SEARCH TIPS

Adolescence

Aging & Gerontology

AIDS & HIV

Alzheimer's Caregiving

Body Image

Brain Disorders

Cancer

Chronic Illness

Cross-Cultural Care

Death & Dying

Disabilities

Ethics

Family Issues

Gender & Sexuality

Genetics

Global Health

Grief & Recovery

Homelessness

Maternal & Child Health

Mental Health & Psychology

Nursing

Obesity

Pain Management

Sexual Abuse/Violence

Substance Abuse

Suicide/Self Injury

Women's Health


Contact Fanlight

Join Email List

Requests for
Digital Rights

Follow Us! On...
Twitter







photo Let Them Eat Cake
by Lisa Kaselak
Fosforo Films

Against the backdrop of the “Texas Cupcake Controversy,” this humorous, engaging documentary takes a close look at the processed food industry and at the ways that junk food and beverages are marketed to children — a factor believed to be a major contributor to today’s epidemic of obesity.

In 2004, responding to recent data which had declared Texas children the most obese and unhealthy in the nation, the state of Texas Department of Agriculture enacted a policy banning junk food in the state's schools. This move immediately ignited a firestorm of controversy, with some parents up in arms over this “big brother” move to control what their kids could eat in school.

In the debate over implementation of the Texas School Nutrition Policy, the lowly cupcake became a symbol for both sides: Supporters saw the legislation as an appropriate emergency response to data suggesting that the health impacts of obesity were costing the state over ten billion dollars a year. Opponents portrayed cupcakes as a necessary tool for school and PTA fundraising, and saw the ban on students bringing “birthday cupcakes” to school as unwarranted interference with tradition and with parental rights.

Capitulating to pressure from parents, and to the money and lobbying efforts of the food and beverage industries, in 2005 the legislature passed the “cupcake amendment,” rolling back the new policy. Some parents, educators, and health advocates have vowed that the cupcake wars are not over yet.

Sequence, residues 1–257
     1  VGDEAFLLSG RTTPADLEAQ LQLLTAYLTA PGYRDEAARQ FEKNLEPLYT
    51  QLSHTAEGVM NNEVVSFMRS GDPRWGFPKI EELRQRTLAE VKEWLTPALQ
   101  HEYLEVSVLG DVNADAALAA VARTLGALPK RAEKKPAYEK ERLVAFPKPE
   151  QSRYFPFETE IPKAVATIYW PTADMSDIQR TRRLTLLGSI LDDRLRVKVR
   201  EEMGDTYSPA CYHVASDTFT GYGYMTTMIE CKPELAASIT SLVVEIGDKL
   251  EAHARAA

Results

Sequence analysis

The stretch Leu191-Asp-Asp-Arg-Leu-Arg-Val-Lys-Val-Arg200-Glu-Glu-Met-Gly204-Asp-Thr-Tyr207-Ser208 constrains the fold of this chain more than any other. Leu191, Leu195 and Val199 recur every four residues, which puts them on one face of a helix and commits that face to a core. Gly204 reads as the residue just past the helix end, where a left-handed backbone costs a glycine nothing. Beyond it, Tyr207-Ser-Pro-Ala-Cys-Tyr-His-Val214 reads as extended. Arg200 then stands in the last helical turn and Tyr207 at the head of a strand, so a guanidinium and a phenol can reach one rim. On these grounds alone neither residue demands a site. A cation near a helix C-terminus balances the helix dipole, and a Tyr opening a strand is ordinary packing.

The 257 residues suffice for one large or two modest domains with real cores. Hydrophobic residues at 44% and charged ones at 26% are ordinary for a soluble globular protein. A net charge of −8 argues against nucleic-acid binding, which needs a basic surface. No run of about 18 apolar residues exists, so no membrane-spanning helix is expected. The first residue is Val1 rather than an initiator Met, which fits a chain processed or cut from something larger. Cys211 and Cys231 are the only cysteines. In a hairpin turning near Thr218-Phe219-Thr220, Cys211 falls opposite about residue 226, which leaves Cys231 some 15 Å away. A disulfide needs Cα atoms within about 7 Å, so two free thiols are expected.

33 minutes
© 2006
Purchase $248.00 DVD
Order No. QA-458
ISBN (DVD) 1-57295-858-8
close captioned

Awards & Conference Screenings
Student Academy Awards Nominee
Texas Action for Healthy Kids Alliance Summit
National Nutrition Month Health Fair, Texas
National Health Information Awards, Merit Award
Columbus International Film/Video Festival, Chris Award

Related Films
Fat Chance: Yuka, almost 200 pounds and fast approaching fifty, decides the time has come to lose weight in hopes of becoming healthier and happier.

Shredded: This provocative documentary explores the damaging lengths to which teenage boys may go to achieve the muscular, "shredded," look of action-movie stars and comic book superheroes. "If this screws me up, it screws me up," says one. "I want to get big quick."

The Weight of Obesity: Obesity is second only to smoking as the leading cause of preventable deaths in the U.S. This documentary takes an accessible, non-clinical approach that communicates the serious consequences of obesity, while also offering strategies for change.

Good Food/Bad Food: Clear, accessible, and often humorous, this program examines the alarming rise of childhood obesity in the United States, while demonstrating effective ways that educators and parents can prevent and reverse the effects of this tragic epidemic.

Not So Sweet: Explores new approaches to the prevention and control of diabetes, and shows that it is possible to live a normal life with the disease. Includes a section on diabetes in Native American communities.


Awards & Screenings

Related Films

Web Resources


bar


Click on a purchase option to add it to your cart.

  Let Them Eat Cake DVD Purchase, $248.00
  Let Them Eat Cake, One-Day DVD Rental, $60.00

 

View Shopping Cart

If ordering from outside the United States, please fax (718) 488-8642 or email Fanlight to inquire about availability.
International Order Policy